SFMOMA Acquires Important Hopper
SAN FRANCISCO, CA.- The San Francisco Museum of Modern Art announced today the acquisition of Edward Hopper's "Intermission" (1963), among the artist's largest and most ambitious paintings, and one of the last significant of Hopper's works remaining in private hands. Art collectors of ArtKabinett social network now have another compelling reason to visit this important museum.
Intermission was acquired from Fraenkel Gallery, San Francisco, in part through gifts from the Fisher and Schwab families, and immediately went on view to the public at SFMOMA on Friday, March 23rd. Prior to that, it resided in the personal collection of Mr & Mrs Crosby Kemer, Jr.
In the last years of his life, Edward Hopper, who was never prolific, made only two complete works each year—one in the spring and one in the fall. Intermission was painted in March and April of 1963, and was one of the last four paintings that Hopper finished before his death in 1967.
Measuring 40 by 60 inches, it is among his largest paintings and evokes the artist's signature dramatic cropping of cinematic camera angles, and the high-keyed lighting of stagecraft, both of which add an emotive and artificial sensation to his tightly controlled, understated narrative.
"Intermission is an iconic work, exemplary of Hopper's late period and style, and establishes him as a contemporary master beyond his historical achievements of the early twentieth century," says Gary Garrels, SFMOMA Elise S. Haas Senior Curator of Painting and Sculpture.
"The painting is also significant in relation to SFMOMA's deep holdings of work by artists of the Bay Area Figurative tradition, such as Robert Bechtle, Richard Diebenkorn, and Wayne Thiebaud, as well as photographers strongly represented in the collection like William Eggleston, Walker Evans, Robert Frank, and Stephen Shore, who share affinities with Hopper."
Known as one of the most singular twentieth-century American painters, Hopper has influenced generations of artists, writers, filmmakers, and photographers with his moody, quiet tableaux. His best-known paintings investigate everyday scenes in which isolated figures are contained within interiors of common locations—such as theaters, hotels, bedrooms, offices, train stations, or restaurants—or outdoors on city or country streets.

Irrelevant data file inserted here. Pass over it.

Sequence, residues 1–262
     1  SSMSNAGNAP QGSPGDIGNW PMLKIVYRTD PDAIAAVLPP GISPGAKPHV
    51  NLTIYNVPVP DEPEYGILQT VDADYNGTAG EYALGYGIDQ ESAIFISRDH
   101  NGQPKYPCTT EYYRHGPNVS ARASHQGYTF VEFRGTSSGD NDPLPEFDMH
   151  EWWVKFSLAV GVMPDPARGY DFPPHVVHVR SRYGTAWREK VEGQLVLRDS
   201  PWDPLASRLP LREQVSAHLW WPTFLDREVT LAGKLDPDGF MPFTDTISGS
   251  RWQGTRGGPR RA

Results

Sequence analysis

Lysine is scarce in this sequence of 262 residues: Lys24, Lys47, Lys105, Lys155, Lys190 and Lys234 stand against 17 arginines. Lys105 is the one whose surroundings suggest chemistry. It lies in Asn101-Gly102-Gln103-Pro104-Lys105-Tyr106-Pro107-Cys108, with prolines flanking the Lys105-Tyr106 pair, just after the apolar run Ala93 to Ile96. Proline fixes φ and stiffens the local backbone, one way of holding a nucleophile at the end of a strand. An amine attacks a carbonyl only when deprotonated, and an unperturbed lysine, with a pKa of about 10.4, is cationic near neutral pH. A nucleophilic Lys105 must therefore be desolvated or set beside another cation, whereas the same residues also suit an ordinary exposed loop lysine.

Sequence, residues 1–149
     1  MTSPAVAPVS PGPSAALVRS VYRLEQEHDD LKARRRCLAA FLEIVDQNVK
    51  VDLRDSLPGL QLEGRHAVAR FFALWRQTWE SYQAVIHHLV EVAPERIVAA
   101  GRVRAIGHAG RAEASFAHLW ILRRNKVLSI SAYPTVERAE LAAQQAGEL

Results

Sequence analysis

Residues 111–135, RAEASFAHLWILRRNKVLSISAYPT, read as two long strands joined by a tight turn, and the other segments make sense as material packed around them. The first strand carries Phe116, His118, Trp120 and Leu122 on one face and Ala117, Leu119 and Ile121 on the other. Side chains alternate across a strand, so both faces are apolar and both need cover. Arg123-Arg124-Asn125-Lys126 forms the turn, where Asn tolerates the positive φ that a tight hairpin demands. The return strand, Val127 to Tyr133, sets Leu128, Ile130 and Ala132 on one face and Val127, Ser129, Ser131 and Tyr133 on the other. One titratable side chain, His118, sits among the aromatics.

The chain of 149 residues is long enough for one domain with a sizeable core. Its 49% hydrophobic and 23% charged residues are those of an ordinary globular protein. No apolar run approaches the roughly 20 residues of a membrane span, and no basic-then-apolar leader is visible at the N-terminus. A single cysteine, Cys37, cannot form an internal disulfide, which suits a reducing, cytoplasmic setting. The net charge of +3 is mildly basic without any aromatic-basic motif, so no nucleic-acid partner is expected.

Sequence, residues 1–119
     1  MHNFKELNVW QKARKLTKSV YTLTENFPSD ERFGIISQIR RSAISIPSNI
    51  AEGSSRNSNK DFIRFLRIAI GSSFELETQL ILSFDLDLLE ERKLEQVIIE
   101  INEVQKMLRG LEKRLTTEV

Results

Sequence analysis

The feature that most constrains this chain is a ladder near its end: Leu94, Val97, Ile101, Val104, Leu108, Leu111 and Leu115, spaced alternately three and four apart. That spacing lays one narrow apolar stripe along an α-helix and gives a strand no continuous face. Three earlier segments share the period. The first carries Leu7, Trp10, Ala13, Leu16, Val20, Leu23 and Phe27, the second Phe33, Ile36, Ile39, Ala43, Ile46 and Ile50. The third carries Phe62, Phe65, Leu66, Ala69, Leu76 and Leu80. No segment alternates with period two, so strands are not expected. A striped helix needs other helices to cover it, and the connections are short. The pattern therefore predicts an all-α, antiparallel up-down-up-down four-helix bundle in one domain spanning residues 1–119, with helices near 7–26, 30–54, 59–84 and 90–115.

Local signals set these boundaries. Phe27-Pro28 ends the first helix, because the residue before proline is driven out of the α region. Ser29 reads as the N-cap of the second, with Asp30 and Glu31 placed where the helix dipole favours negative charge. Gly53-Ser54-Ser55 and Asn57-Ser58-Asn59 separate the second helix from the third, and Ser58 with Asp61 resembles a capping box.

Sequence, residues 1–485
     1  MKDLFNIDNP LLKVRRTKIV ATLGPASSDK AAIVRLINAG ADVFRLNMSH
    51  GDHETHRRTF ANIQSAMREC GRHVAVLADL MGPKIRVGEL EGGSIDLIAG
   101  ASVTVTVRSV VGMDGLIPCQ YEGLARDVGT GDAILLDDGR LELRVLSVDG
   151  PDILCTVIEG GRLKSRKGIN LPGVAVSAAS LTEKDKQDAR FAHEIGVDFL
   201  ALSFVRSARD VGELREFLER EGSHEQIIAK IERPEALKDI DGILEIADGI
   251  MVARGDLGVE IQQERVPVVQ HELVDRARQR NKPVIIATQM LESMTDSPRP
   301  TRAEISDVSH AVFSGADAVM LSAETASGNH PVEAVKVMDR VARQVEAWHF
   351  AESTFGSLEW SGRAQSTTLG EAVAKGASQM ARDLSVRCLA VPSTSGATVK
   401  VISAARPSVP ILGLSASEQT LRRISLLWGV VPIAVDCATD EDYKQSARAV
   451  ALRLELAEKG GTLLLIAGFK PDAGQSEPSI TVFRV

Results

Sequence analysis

Hopper came up with the idea for Intermission while he was watching a movie, and his wife, Josephine Hopper, arranged for him to work on the painting in an empty theater. However, Hopper decided to complete Intermission at his home and studio in New York City.
A surviving preparatory sketch for the painting reveals that he considered including another figure in the third row. In an interview he revealed, "There's half another person in the picture."
The final composition depicts a solitary woman in a theater, sitting alone in the first row of a side aisle. Seemingly waiting for others to return from intermission, she appears lost in thought, staring off into the distance as she sits contently in a comfortable-looking dark green theater seat with her ankles crossed.
Perfectly exemplifying one of Hopper's signature subjects, Intermission also reveals the artist's use of lighting and tonalities to convey a cool yet intimate portrait of isolation. Underneath a shadow that follows the molding along the wall, the figure sits with her face partially highlighted by the falling light.
Hopper was known to thin his paints in his later works—here the green armchairs of the auditorium fade from bright green to a bluish grey, giving them a sketch-like, landscape quality.
Overall, the painting is luminous with glowing color and a highly abstract background, which is a field of loose brushwork that gives the painting an extremely contemporary style and feel.
Almost immediately after Hopper completed the canvas, it was recognized as one of his best works and was included in his second retrospective at the Whitney Museum of Art the following year in 1964 (the Whitney's first retrospective of Hopper's work was in 1950).
Intermission was also included in the artist's third Whitney retrospective, which traveled to SFMOMA in 1982 in its original Van Ness location. Since the mid-1990s, Intermission has been in a private West Coast collection and most recently was included in a Hopper retrospective organized by the Tate Modern in 2004.